Sarton has described the conditions at the Twin Elms nursing home in a very displeasing way. This image is exactly similar to the one in the society where the nursing homes for the aged are in very bad conditions. The picture has been clearly painted where the nursing home had very few staff members and lacked enough equipment. This gives the implication that the needs of the aged in the society have not been fully put into consideration. They have been exposed to living conditions that are inhumane. No one in the society is ready to address the issue and this is what prompts Caro to take the cruel action against herself and those around her. We have to dare to be ourselves, however frightening or strange that self may prove to be (Sarton 1973). The society should be in a position to address the problem faced by the aged by ensuring that they are provided for the best living conditions not only in the nursing homes but at home as well.
Still Alice by Lisa Genova
Still Alice is a book written by Lisa Genova about a 49 year old woman, Alice Howland, a Harvard psychology professor. She has three children and a husband. Her life is good until she is diagnosed with a disease known as Alzheimer. This is a disease of forgetfulness. Alice’ perfect life is disrupted. She changes from being a high achieving teacher, wife and mother to a confused, disoriented person. This disease takes tall on her thus cannot go on with her career. She is therefore taken to the Harvard Square where she is visited daily for twenty five years.
Lisa Genova’s novel highly concentrates on the success of a person in this case Alice during her adulthood. She is a Harvard psychology professor therefore reflecting on her success. This shows that her educational background was one filled with achievements. This is every adult’s dream-to achieve and be successful in life. It is quite evident following from Lisa’s description that Alice was an achiever. Her adult life is reflected upon by her success in life and also the life that she lives.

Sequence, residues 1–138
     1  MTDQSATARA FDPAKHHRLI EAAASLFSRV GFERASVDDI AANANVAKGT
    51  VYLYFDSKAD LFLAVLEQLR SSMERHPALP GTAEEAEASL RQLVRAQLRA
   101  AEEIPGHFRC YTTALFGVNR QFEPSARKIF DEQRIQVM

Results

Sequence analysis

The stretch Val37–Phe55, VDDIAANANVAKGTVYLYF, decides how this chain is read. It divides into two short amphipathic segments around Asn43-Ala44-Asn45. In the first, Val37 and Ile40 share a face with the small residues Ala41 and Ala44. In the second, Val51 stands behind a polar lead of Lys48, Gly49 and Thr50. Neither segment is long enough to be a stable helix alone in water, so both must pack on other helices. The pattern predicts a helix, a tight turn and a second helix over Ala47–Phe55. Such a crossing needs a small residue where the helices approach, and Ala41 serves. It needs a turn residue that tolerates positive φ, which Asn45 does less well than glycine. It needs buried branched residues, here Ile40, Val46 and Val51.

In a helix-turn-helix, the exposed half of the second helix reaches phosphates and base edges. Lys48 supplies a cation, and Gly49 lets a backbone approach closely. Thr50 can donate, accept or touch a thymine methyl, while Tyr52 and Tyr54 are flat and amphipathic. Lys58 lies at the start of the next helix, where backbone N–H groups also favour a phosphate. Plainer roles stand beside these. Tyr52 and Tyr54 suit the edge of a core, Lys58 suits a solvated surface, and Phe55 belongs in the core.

At first Alice thinks that the forgetfulness is due to menopause. She is afraid of facing the reality just like any other person would. After achieving and reaching the point that she has, it is hard to accept that she is sick. Her future is one which entails confusion, disorientation and forgetfulness. For an adult who had that much success and in the end falling sick, not enjoying the fruits of their work is quite unfortunate. She has to agree to the fact that she is sick which appears to be a challenge to her.
The Alzheimer disease leads to Alice loosing her job, independence, clarity and contact with the world. During ones adult life this is termed as a catastrophe. Being that she put in all her effort in her studies just to come and be affected by a disease which disrupts her perfect life is despicable. It is frustrating as it appears as though her success is useless. If the disease was due to ageing that would be understandable but being 49 years of age, Alice is still young though not that young.
Normally symptoms like forgetfulness and confusion are displayed by the ageing people. Mostly they experience this in the late 80s onwards. This fact shows that Alice’ disease is not due to ageing as she is still young.
The two novels tend to focus on the realities associated to aging in the society. Aging should not be treated as a vice to the society as is the case in Sarton’s novel, “Äs We Are Now”. Aging should be considered as part of the human lifecycle and should be therefore be embraced as it approaches. From the novel, Still Alice by Lisa Genova, the protagonist, Alice, does not want to face the reality of aging. Aging is natural and should hence not be shunned away because it is an aspect of life beyond the life of mankind. Both novels highlight on the major issues concerned with aging and the problems that arise when people approach old age. Sarton shows the problems that the aged experience. The society should therefore behave in a way that is contrary to the occurrences in the novel.
May S. (1973). As We Are Now, New York: W.W. Norton Publishers.
Genova L. (2007). Still Alice, New York: iUniverse.
Dass R. (2001). Still Here: Embracing Aging,Changing and Dying, London: Riverhead Books.